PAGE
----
Yes, dean, I agree that the critiques deserves serious consideration. I see that my comment was an ad hominem attack, I guess it's where it's very easy to wind up when ad hominem attacks is one of Reimer's own primary lines of argumentation. It's downright impossible to get out of the polarization that he's very active in creating, even if one wants to. So even if it's got nothing to do with his arguments I just can't stop it – he's not new to the field, and he aggressively opposes that ME/CFS patients need something other than all other (in his view) chronic fatigue and functional somatic syndrome patients. Once in the comments sections of his blog posts he got the question about his own clinical experience with ME/CFS patients, and he answered something like ”I've met e few teenagers with what I suppose someone would call ME/CFS, and I'm pretty convinced that their problems were mainly psychosocial.”. Of course he can raise valid points about the research anyway, and he does often have valid points interwoven in the ramblings, but he also regularly attacks doctors working with ME/CFS-patients because he's ”heard” that someone does this or that, that the doctor some time in history has been interested in something that Reimer considers unscientific, and so on. It's pretty clear that he is convinced that the terms ME, CFS, SEID etc are silly in themselves (=it's not a disease) and that ME/CFS patients need nothing other than standard medical care, and he's kind of is using any argument he can find to slam ME/CFS research, ME/CFS patient communities and doctors working with ME/CFS. And regular doctors seem to listen to him and get reinforced in their belief that ME/CFS is primarily in the patients mind. So, yes, definitely, I and a lot of other ME/CFS patients in Sweden have trouble taking his arguments seriously, and he, on his hand, shows very little interest in listening to us, or ME/CFS researchers or doctors.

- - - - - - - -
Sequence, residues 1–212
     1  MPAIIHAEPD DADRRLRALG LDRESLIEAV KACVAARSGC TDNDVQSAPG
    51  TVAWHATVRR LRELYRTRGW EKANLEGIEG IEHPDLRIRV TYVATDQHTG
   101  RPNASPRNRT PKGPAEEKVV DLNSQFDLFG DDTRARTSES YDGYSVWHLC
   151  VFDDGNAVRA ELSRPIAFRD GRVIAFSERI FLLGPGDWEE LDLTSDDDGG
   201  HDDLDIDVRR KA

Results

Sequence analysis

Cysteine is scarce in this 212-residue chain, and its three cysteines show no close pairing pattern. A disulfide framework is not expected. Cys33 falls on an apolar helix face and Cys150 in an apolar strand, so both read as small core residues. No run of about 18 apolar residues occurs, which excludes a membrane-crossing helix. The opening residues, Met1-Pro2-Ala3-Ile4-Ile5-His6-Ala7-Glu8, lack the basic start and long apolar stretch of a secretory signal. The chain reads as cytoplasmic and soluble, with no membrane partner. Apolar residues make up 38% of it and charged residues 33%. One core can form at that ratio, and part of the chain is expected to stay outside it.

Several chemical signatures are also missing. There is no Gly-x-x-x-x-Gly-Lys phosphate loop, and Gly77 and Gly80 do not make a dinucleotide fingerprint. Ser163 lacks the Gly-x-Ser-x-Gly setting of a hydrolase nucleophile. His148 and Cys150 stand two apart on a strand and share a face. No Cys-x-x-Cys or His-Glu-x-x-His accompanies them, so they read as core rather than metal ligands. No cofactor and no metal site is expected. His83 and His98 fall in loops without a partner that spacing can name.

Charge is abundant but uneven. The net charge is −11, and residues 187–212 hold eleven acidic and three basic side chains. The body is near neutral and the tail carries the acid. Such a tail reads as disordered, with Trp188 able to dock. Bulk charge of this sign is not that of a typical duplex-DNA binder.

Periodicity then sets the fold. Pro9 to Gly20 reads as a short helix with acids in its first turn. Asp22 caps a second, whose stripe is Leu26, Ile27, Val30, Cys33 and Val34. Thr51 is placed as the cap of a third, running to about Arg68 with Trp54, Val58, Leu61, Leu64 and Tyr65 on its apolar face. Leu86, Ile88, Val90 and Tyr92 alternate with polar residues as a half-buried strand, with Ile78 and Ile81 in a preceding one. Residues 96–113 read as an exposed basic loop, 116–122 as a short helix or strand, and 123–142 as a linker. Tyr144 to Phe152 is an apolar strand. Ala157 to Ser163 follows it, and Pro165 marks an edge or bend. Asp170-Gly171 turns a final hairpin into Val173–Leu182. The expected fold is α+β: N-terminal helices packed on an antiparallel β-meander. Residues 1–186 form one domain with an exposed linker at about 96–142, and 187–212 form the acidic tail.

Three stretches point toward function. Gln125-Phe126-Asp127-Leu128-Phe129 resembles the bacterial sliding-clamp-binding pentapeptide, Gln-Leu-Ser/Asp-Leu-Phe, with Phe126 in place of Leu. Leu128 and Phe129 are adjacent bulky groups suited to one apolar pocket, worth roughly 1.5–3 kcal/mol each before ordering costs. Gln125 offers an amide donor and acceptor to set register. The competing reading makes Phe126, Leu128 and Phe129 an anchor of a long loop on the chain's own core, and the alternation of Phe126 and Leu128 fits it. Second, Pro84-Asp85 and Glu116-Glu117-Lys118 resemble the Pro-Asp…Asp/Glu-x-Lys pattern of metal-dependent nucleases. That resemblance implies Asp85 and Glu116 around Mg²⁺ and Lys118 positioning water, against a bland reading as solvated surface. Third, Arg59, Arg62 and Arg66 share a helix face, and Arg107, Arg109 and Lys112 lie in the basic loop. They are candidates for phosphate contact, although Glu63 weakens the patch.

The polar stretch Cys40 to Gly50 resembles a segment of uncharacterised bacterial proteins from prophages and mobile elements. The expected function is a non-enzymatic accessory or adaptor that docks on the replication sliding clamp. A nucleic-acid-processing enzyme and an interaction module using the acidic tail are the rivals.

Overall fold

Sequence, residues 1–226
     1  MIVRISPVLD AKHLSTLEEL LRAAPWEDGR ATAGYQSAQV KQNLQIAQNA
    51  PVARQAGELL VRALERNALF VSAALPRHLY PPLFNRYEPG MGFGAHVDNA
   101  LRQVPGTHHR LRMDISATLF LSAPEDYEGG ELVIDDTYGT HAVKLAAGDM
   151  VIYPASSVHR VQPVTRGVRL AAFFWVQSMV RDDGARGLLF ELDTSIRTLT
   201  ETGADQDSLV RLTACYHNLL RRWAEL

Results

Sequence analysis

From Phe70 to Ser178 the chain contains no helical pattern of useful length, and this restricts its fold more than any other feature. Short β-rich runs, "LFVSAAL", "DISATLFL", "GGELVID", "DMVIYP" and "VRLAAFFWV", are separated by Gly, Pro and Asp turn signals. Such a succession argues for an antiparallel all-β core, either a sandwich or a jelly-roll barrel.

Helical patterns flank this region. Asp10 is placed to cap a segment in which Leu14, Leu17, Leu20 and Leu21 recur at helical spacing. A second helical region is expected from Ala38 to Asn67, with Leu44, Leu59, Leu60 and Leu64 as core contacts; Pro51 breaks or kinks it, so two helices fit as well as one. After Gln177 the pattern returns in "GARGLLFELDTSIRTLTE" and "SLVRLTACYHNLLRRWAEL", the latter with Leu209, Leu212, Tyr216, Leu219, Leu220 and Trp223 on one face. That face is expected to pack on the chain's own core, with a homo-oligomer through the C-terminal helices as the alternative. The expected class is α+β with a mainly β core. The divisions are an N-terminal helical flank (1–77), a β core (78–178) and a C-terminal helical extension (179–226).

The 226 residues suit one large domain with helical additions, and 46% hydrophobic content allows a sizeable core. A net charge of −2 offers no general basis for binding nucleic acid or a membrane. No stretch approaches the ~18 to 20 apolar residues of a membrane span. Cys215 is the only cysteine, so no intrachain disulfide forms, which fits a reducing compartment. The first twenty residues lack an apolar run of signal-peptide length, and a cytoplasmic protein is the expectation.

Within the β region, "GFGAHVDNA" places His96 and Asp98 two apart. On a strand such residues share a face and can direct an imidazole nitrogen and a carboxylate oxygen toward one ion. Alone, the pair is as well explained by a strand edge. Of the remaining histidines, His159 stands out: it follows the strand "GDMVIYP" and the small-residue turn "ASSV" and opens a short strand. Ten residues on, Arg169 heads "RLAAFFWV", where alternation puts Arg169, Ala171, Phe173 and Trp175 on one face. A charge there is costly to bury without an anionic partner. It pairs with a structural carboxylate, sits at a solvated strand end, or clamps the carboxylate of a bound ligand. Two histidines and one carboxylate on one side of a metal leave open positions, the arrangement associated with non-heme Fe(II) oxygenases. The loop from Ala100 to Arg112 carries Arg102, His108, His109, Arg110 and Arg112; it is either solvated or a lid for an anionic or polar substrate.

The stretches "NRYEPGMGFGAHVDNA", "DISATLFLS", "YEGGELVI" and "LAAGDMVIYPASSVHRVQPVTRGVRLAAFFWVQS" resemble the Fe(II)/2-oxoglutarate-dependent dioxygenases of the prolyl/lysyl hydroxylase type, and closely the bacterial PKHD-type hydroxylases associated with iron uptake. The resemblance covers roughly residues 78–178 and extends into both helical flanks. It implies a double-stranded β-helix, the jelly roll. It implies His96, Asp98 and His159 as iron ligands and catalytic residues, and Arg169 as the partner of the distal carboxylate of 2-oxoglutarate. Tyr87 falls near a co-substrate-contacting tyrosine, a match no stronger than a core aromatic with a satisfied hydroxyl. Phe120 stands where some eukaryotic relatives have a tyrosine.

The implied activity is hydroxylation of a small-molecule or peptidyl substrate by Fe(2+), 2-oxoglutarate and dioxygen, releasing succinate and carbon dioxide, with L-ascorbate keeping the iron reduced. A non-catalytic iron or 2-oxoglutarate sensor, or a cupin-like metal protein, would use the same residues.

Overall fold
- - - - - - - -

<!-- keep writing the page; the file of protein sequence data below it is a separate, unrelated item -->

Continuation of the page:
But I agree with him that the Hornig et al (2015) study shouldn't be taken for more than it is – being exploratory and definitely not showing any definitive biomarkers. I'm a patient of De Meirleir's, and following his work with testing patients for cytokine profiles since many years it seems reasonable to question the possiblity to find distinctive cytokine profiles that can be used as biomarkers for the whole ME/CFS patient group at all. The cytokine profiles of individual patients seem to often be very disturbed, but in a lot of different ways due to individual factors, and fluctuating a lot over the course of the disease. My guess is that something like Broderick's modelling of hormones and immune factors is needed, but that it might be possible to find 10 or 15 markers and use the network of relationships between them as a biomarker for ME/CFS (or a subgroup).


My comments only related to the unsupportable conclusions beging drawn from the Lipkin cytokine study as to finding "definitive biomarkers" . Fluge and Mella's responce do not refer to this study but rather to other issues related to treatments.